Christmas, for Christians in the West, is the foremost opportunity to re-embrace the Medieval impulse to look and to touch; to show things of great meaning first, then to tell as commentary on the showing. As the faith of Christians in the Middle East, Africa and Latin America remains to this day, the faith of the Medieval West was unabashedly sensory. Looking and touching and tasting were essential to believing, and they are even more so today. Read More

Messianic Expectancy – Br. Keith Nelson

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Br. Keith NelsonEcclesiasticus 48:1-11 & Matthew 17:9-13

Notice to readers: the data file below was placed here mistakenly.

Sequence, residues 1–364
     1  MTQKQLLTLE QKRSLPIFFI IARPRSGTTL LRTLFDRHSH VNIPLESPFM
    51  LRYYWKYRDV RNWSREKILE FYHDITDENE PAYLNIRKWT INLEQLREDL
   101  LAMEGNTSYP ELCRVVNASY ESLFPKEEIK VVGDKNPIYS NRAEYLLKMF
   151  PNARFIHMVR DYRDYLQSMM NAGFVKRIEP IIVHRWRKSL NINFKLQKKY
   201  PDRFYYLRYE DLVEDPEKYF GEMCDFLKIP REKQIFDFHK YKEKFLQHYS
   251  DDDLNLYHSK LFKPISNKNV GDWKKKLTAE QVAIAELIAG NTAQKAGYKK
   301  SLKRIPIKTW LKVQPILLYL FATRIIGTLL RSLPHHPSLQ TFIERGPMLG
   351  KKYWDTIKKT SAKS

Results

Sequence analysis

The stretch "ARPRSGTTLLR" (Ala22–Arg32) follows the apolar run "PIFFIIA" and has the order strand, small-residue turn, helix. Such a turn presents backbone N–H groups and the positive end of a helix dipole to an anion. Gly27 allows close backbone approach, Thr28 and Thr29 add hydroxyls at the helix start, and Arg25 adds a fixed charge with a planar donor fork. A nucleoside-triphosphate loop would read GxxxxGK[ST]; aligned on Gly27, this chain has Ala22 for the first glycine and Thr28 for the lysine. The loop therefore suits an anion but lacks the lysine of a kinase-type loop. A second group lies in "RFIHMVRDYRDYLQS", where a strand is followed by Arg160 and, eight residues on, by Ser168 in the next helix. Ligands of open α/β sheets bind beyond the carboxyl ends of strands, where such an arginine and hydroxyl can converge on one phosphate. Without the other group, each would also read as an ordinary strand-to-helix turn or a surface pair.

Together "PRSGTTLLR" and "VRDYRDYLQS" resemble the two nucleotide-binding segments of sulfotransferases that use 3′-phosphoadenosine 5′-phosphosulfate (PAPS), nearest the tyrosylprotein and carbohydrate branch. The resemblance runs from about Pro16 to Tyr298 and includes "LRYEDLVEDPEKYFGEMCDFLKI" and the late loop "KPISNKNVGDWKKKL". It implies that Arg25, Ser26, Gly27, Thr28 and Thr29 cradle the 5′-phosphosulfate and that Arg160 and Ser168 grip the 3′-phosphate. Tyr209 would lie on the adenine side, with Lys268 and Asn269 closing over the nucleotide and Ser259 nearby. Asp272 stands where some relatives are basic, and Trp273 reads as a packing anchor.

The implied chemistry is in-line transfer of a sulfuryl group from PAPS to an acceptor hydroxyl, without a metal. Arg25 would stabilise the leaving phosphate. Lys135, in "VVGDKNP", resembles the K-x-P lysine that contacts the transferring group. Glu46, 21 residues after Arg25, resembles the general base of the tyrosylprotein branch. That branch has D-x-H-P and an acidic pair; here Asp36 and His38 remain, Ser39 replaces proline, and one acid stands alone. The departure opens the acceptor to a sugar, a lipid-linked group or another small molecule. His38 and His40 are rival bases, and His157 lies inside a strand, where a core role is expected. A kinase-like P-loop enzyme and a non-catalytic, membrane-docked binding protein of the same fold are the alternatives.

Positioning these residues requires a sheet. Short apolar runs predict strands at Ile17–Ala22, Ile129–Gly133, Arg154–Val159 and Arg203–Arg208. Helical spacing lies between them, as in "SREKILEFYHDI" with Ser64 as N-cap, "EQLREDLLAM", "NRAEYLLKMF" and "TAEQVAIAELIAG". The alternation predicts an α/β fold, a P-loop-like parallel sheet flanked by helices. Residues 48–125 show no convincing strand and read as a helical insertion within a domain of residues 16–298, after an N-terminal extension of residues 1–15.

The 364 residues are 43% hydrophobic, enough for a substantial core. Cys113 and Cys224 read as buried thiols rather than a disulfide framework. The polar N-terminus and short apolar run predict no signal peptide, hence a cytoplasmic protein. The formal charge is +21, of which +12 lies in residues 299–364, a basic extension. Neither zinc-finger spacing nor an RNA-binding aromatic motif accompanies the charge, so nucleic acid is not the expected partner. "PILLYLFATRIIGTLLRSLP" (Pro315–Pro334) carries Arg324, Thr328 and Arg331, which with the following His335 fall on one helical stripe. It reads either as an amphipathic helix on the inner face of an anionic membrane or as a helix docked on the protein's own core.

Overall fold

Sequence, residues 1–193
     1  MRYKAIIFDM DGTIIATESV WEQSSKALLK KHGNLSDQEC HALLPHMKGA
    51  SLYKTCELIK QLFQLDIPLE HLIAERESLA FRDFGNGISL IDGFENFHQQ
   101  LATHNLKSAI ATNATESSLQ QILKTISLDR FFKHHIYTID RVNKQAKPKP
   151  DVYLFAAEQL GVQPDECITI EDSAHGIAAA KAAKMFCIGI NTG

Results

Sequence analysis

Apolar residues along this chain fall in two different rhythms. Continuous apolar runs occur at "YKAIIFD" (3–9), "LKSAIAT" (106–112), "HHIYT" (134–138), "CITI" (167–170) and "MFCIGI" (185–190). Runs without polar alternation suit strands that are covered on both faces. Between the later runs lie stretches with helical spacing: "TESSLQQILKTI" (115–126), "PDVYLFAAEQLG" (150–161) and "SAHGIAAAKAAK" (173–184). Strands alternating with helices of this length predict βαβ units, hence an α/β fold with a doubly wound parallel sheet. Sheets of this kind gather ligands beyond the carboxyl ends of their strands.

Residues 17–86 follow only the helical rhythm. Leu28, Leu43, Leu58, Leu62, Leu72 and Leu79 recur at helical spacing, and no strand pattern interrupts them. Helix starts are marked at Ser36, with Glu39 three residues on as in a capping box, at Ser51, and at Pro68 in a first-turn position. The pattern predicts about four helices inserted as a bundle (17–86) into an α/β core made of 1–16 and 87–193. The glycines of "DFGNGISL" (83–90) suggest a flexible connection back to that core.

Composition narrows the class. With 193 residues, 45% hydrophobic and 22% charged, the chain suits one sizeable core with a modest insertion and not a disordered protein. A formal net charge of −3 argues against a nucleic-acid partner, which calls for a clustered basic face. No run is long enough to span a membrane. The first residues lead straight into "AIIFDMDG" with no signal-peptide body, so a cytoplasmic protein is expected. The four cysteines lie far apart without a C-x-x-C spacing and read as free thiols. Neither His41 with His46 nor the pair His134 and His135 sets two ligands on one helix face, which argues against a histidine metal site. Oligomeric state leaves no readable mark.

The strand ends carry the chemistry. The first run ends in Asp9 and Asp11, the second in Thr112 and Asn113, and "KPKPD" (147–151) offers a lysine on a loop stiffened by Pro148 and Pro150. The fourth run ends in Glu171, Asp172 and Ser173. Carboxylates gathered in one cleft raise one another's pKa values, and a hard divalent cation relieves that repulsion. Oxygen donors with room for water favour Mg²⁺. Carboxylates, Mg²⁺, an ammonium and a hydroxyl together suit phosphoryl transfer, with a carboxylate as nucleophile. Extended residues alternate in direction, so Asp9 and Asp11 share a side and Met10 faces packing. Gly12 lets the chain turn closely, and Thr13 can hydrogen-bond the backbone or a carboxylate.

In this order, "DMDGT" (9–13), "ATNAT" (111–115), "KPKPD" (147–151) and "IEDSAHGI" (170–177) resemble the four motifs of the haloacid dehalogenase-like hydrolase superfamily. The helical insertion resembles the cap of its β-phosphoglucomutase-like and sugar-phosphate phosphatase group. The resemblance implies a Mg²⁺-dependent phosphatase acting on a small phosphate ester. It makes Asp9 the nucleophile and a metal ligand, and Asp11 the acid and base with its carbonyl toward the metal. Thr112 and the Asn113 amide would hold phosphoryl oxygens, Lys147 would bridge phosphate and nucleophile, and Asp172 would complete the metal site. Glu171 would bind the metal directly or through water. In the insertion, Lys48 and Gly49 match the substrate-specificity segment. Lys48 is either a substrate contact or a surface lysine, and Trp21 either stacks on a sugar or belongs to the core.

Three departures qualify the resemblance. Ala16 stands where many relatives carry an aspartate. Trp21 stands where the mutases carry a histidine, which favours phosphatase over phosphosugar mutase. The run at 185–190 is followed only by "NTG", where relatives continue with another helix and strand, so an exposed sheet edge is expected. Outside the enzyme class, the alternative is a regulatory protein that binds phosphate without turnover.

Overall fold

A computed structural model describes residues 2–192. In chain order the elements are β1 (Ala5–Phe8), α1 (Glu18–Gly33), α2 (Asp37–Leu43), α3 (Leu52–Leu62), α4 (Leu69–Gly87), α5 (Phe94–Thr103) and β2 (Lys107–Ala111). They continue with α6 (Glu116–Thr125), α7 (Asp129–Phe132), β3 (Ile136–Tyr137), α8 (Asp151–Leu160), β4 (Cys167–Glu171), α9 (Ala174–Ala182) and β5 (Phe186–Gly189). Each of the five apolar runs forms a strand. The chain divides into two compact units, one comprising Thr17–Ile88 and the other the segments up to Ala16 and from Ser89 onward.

Advent is one of my favorite seasons because it invites us as liturgical Christians to contemplate a vision of time that is circular and cyclical, rather than a merely linear arc. On the one hand, the Christ we meet in Advent assures us that he is the Beginning and the End, the Word and Wisdom of God present at creation and the Omega point in whom all things converge. One day, the story that we are reading will reach its apparent conclusion, and the last page will declare in bold, black letters: “The End.” On the other hand, we are assured that as we turn that final page, we will know in an entirely new way that the Story has only just begun. Likewise, as we follow Jesus through our own experience of past, present, and future, our individual journey can seem quite finite. But in the context of the great Story of salvation stewarded by the Church, the continual re-telling enacted and embodied, contemplated and savored each Advent, each Christmastide, each Epiphany, helps us orient ourselves in relation to a circle and a cycle. At the center of the circle is Christ; its circumference is a lifetime comprised of moments when we have turned – or are turning – or will turn — toward that center. In each turning moment, we know in our bones: we’ve been here before; we’ll be here again. Yet each encounter holds the promise of new grace. We light, we extinguish, we re-light the candles, and points of flickering light slowly connect the dots. Like the gradual, steady, inward motion of a spiral, we are drawn ever closer to that mysterious moment when, as the First Letter of John puts it, “We will be like him, for we will see him as he is.” Read More